Todd Williams announces candidacy for re-election to the office of Buncombe County district attorney

Press release from Todd Williams:

ASHEVILLE, N.C. – District Attorney Todd M. Williams of Asheville announced on November 18, 2021 that he will file for re-election to the Office of District Attorney for the 40th Prosecutorial District.

“Through my leadership we have undertaken groundbreaking reforms to better serve victims, and our community. I seek your support to continue creating new pathways to well-being and justice in Buncombe County, and to continue enforcing the law and seeking just accountability for criminal acts,” Williams said.

Prior to serving as District Attorney, Todd Williams accrued nearly 15 years of experience as a public defender; Williams often represented children and adults who were denied dignity, fairness, and justice by our criminal court system. Those experiences compelled Williams to work to change the system as D.A. Williams won a competitive primary and general election; he was sworn in January 1, 2015 as Buncombe County D.A.

D.A. Williams assisted in founding the Family Justice Center, the Child Advocacy Center, the Justice Resource Center, Veterans’ Treatment Court, and new diversion programs. In addition, D.A. Williams has launched innovative, effective programs to address systemic inequities that penalize defendants for poverty. These programs include free services to remove eligible nonviolent offenses from records, forgiveness of minor traffic violations that unjustly deny people the ability to work and care for themselves and their families, and amnesty days when defendants can address outstanding nonviolent matters without fear of being detained.

“I’m running to ensure the gains we have made in the past seven years are preserved, sustained, and expanded. The D.A.’s job is to seek justice and I believe that means to do justice for everyone in Buncombe County,” D.A. Williams said.

D.A. Williams has righted past wrongs by consenting to remove men from death row whose convictions were tainted by procedural errors, permitted relief for those serving disproportionate sentences, and currently serves on the N.C. Innocence Inquiry Commission. The Commission takes a second look at felony criminal convictions from around the state. Williams initiated a first-in-the-nation restorative justice response to a police brutality case, as requested by the victim. Williams’s Office has prosecuted numerous police brutality cases since 2015.

D.A. Williams is a member of national networks of prosecutors such as the Association of Prosecuting Attorneys, Fair and Just Prosecution, and the Institute for Innovation in Prosecution (IIP). Through D.A. Williams’s leadership, Buncombe County participates in the IIP’s Beyond Big Cities project to ensure that cutting edge reforms designed to deliver justice and equity are enacted in mid-size and smaller communities.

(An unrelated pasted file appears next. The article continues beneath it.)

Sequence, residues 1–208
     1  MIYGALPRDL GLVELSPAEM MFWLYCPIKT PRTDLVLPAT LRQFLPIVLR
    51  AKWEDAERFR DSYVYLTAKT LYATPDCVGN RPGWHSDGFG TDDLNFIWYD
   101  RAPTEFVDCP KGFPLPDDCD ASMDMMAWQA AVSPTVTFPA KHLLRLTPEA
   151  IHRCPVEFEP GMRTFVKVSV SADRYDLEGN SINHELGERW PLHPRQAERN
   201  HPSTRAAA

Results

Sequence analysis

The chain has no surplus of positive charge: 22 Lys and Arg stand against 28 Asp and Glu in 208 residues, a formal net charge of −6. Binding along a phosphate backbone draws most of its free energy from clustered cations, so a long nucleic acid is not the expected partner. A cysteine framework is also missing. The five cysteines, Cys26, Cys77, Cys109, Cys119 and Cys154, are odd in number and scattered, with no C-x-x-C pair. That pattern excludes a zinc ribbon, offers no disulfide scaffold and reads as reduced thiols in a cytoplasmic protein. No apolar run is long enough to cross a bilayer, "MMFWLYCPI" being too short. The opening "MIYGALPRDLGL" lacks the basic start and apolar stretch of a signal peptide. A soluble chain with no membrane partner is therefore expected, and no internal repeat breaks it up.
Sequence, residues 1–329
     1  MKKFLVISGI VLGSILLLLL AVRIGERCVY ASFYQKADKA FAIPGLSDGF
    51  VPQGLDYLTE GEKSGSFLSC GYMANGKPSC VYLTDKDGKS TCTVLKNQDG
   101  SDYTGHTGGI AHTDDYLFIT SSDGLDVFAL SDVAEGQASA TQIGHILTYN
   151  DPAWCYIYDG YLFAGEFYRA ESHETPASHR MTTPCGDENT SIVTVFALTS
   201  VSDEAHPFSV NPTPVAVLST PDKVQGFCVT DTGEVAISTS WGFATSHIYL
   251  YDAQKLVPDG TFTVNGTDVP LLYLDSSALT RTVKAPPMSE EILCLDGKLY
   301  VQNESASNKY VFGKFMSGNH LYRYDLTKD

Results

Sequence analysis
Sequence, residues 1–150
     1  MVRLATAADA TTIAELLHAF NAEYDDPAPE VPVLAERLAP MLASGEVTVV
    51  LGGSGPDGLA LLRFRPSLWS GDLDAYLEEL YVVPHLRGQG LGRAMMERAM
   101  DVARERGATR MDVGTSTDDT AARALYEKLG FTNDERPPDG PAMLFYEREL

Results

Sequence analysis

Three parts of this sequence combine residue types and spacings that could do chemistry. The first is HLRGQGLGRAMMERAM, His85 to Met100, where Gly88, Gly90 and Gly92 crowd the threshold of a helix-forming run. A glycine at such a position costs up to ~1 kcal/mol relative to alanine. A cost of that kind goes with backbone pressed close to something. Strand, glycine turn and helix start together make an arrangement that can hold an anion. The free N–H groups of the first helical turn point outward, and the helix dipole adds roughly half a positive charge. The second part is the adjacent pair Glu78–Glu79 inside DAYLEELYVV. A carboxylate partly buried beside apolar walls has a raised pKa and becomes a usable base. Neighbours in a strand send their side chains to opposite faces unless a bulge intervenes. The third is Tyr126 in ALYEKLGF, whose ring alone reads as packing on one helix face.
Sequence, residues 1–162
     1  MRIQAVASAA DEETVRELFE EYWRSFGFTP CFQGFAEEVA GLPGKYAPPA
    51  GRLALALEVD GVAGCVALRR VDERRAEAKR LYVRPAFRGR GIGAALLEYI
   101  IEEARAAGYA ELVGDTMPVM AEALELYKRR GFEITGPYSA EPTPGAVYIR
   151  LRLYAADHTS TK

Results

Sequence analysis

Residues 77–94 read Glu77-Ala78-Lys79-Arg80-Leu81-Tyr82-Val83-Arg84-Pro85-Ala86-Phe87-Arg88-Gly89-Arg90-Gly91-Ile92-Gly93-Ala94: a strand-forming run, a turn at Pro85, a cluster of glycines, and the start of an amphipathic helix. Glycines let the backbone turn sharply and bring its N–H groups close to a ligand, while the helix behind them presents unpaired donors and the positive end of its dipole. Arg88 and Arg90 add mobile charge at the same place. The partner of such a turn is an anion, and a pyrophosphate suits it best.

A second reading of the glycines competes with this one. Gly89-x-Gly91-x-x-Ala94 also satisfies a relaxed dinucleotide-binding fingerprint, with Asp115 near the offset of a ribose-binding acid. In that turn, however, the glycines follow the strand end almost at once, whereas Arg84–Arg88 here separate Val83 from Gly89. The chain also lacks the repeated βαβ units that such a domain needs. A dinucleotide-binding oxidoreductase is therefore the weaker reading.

“I am committed to making our community a safer place to live, work, and raise a family. I pledge to continue to assist victims through trauma informed policies and best practices and to ensure just prosecutions,” Williams said.

Since taking office, D.A. Williams’s team has achieved justice in heartbreaking crimes, including homicides involving multiple victims and children. Williams has led the office throughout the pandemic, as he and his team worked to continue safe operations without a shutdown of the courthouse since March 2020.

D.A. Williams has increased accountability and transparency throughout Buncombe County. Williams referred former County Manager Wanda Greene for prosecution; Greene was convicted on several federal fraud and conspiracy charges. D.A. Williams also initiated and collaborated with law enforcement leaders in 2020 to draft and implement Buncombe County’s first Uniform Policy and Procedure for reporting and disclosing police misconduct.

Williams, 52, is a North Carolina native and long-time Buncombe County resident. He lives in Asheville with his wife and family. Williams is a N.C. State Bar Board Certified Specialist in State Criminal Law.

Williams earned his undergraduate degree at UNC-Chapel Hill and taught English as a second language to textile workers before pursuing his J.D. from Northeastern Law School. D.A. Williams has been practicing law in North Carolina since 2000.

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